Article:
Joined: 08 Jun 2007 Posts: 71 Location: Zoetermeer, the Netherlands
I guess COMP-5 is same as comp-2
COMP-5 stands for "binary native". On the mainframe this is not really an issue. On ohter platforms, however, there are processor architectures representing integers in a different way (http://en.wikipedia.org/wiki/Endianness). All those computers can run COBOL so sometimes the cobol compilers forces those binary-integers to behave in a standard way (comp-4). This might be sub-optimal for calculations. Specifiying COMP-5 allows native represention and optimal performance for calculations (comp-3 does not perform at all outside the mainframe!) .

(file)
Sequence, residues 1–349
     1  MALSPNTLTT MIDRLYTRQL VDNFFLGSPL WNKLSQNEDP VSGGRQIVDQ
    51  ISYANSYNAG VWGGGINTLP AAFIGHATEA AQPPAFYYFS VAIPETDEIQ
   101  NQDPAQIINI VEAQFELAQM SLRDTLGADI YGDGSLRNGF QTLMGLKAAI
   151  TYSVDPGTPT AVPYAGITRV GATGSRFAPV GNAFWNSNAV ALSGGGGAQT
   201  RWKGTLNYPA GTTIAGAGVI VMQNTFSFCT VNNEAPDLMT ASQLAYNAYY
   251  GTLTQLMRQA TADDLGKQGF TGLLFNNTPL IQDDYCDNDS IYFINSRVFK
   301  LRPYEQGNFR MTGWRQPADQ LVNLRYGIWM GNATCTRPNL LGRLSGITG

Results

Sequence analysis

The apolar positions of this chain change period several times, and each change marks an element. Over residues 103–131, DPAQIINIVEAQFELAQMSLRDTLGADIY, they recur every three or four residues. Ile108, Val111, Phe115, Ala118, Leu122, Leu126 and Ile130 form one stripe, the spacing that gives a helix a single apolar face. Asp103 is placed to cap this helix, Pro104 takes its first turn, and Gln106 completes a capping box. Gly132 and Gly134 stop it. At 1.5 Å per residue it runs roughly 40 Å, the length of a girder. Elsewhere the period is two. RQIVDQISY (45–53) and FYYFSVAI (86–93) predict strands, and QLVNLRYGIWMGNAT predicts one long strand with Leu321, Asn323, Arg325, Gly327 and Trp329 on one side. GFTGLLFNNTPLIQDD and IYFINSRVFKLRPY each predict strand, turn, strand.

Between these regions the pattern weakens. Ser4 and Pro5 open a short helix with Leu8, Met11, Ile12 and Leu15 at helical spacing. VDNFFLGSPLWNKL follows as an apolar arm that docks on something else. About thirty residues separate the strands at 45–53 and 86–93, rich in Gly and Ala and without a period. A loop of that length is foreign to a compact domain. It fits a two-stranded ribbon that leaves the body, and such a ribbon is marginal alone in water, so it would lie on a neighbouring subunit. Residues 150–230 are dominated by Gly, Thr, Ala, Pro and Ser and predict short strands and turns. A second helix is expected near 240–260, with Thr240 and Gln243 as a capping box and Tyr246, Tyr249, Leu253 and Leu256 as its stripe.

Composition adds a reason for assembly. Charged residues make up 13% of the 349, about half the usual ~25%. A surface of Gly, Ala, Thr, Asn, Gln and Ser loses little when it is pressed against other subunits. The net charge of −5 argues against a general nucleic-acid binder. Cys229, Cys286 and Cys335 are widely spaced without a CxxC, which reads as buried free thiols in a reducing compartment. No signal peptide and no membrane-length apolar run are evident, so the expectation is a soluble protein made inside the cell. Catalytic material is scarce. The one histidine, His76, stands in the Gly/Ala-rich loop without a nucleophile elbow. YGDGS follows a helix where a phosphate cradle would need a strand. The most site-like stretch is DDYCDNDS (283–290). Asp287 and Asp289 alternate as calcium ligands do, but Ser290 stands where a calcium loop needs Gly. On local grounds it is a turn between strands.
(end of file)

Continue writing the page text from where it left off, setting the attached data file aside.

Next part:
So, when you want to produce portable code, always use comp-5 for your calculations.
I've also used this in the past to test at execution time to determine on which machine the program ran:
03 B-I-G-endian value +0004 pic S9(4) comp-5.
03 litle-endian value +1024 pic S9(4) comp-5.
display "this is the AIX (powerPC)"
display "this is a PC (intel inside!)"
display "how the *beep* do you run this program?"
Those days I was coding & testing on windows (Micro Focus NetExpress) and the target machine was a R6000 (Micro Focus ServerExpress).